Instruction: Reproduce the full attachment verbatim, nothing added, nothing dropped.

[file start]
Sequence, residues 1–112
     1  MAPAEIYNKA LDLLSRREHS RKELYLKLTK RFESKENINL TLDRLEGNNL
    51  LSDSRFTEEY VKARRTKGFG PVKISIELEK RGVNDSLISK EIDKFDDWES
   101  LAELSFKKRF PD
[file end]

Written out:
Sequence, residues 1–112
     1  MAPAEIYNKA LDLLSRREHS RKELYLKLTK RFESKENINL TLDRLEGNNL
    51  LSDSRFTEEY VKARRTKGFG PVKISIELEK RGVNDSLISK EIDKFDDWES
   101  LAELSFKKRF PD